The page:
After a few years of being seizure-free, Jeremiah had his first new seizure in October of 2017. We were referred to a neurologist, and we had our appointment in March of 2018. She wanted to do 2 things. She wanted to do an MRI. Then, because of his significant academic delays added to the fact he has ASD, she wanted to do a chromosomal microarray. She thought he had fragile X syndrome. She said she thought this because of his facial structure. She was shocked that at no time had any other doctor requested genetic testing. This was an unfortunate mistake by his doctors. When Jeremiah was 11 months old, he saw a geneticist at Shriners who diagnosed the Isolated Hemihypertrophy. Only, she never ran any tests. She diagnosed him with a physical exam only.
The Diagnosis – XYY
In April of 2018, I got a call from Lineagan, the lab that ran the DNA, and I was told they had found something with Jeremiah’s chromosomal microarray. He had an extra X sex chromosome with absolute certainty, and it wasn’t mosaic (meaning it was in every cell, not just some). She told me he had what was called Klinefelter’s Syndrome (also known as KS). First, I think my heart dropped. Then the fear of “what does that mean?” set in. Then, I think I had a feeling of vindication. I can’t describe to a parent who hasn’t fought for years and felt like a failure what it feels like to know that you weren’t crazy all along. I had known for so long there was something wrong with my son, and none of his doctors ever believed me or knew enough to find it. And I don’t have to tell a parent who has gone through the same thing that feels like because you already know.
The lady I spoke with and who gave me the results wasn’t a genetic counselor and couldn’t tell me what Klinefelter syndrome meant for my son. That was maybe the 2nd worst thing that could have happened at that point (we will get to the worst thing later in the story). The person who calls to give a diagnosis should be someone who can talk to you at length and give you knowledgeable information and answer any questions. So without knowing anything but a name I couldn’t spell, I went to Google. My heart had dropped earlier, but after googling 47 XXY, it had sunk to my feet. The first thing I saw was, “Are XXY male or female?” Then, the word “infertile” kept showing up. And directly from the NIH rare diseases website, I read, “People with 47, XXY are at an increased risk of developing diabetes, metabolic syndrome, osteoporosis, cardiovascular diseases, autoimmune disorders, and certain mental health problems. Regular screening for these health problems is suggested.”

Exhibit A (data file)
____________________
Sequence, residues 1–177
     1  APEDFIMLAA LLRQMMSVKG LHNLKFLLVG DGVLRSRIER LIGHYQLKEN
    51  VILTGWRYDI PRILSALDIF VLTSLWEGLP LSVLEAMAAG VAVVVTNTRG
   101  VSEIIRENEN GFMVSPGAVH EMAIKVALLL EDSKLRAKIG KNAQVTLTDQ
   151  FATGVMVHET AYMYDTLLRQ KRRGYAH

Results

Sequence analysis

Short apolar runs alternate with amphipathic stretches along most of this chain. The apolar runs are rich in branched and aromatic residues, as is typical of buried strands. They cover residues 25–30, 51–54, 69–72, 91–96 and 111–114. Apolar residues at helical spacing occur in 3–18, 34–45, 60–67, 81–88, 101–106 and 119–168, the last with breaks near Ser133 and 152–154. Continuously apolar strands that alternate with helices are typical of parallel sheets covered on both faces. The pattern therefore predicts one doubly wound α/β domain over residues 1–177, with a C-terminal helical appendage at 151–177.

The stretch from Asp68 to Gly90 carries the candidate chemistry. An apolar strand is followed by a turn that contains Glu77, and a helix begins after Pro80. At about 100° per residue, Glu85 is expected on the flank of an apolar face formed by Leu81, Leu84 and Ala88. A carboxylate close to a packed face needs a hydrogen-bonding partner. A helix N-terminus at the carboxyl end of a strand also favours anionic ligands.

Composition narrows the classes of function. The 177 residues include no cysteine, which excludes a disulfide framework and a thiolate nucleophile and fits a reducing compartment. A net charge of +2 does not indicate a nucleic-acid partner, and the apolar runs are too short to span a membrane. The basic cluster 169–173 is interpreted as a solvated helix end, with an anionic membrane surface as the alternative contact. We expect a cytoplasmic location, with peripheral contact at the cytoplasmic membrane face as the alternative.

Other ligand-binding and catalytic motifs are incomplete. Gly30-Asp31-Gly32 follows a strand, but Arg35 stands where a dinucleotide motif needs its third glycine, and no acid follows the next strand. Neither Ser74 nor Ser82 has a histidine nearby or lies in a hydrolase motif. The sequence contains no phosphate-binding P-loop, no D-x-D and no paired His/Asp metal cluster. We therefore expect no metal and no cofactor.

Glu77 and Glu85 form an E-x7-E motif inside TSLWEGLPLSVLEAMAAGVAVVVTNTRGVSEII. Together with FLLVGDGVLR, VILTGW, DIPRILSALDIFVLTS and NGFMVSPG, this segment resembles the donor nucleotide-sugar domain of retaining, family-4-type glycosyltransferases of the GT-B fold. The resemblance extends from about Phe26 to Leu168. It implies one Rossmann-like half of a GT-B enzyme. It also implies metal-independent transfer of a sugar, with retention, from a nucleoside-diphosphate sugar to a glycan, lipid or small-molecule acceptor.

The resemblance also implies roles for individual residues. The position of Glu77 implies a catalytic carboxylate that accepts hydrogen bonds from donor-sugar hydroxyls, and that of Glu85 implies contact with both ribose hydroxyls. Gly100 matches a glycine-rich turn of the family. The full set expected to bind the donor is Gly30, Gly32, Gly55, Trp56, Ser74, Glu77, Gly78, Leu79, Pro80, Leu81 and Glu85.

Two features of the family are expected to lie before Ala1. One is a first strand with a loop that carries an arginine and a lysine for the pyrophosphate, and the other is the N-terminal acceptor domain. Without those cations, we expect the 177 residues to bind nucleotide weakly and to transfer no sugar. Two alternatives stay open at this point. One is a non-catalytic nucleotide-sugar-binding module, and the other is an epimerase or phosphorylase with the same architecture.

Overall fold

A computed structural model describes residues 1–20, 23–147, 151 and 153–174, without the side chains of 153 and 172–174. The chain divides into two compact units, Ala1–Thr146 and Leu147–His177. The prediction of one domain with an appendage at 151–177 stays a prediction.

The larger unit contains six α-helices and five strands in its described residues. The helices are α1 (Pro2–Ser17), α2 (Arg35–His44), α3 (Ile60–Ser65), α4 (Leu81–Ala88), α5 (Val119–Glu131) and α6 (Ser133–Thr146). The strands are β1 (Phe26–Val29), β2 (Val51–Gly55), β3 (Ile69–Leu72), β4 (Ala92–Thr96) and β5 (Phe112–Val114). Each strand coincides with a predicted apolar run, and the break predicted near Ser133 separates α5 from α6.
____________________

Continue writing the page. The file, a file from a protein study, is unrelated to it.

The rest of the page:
I sobbed and sobbed. These are all scary health problems. And while my son was only 11, the thought of him not having children was devastating. I called my husband and told him what they found. We had so many questions and fears. I won’t beat around the bush, but part of it had to do with the terms we read about this syndrome, such as “intersex.” While we had known for years, there was something undiscovered about our son, and we knew he was 100% a boy and had never questioned otherwise. We were worried about this diagnosis to see doctors who would want to talk to our 11-year-old about gender identity. In this political climate, especially, we worried doctors could use his diagnosis for a political agenda.